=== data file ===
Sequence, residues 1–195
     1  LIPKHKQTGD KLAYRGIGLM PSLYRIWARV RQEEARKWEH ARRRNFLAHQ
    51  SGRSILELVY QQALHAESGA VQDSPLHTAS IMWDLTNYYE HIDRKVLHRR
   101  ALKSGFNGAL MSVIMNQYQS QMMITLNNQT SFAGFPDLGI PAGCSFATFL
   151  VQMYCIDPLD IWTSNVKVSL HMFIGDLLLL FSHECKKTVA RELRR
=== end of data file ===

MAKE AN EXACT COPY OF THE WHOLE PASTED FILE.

Sequence, residues 1–195
     1  LIPKHKQTGD KLAYRGIGLM PSLYRIWARV RQEEARKWEH ARRRNFLAHQ
    51  SGRSILELVY QQALHAESGA VQDSPLHTAS IMWDLTNYYE HIDRKVLHRR
   101  ALKSGFNGAL MSVIMNQYQS QMMITLNNQT SFAGFPDLGI PAGCSFATFL
   151  VQMYCIDPLD IWTSNVKVSL HMFIGDLLLL FSHECKKTVA RELRR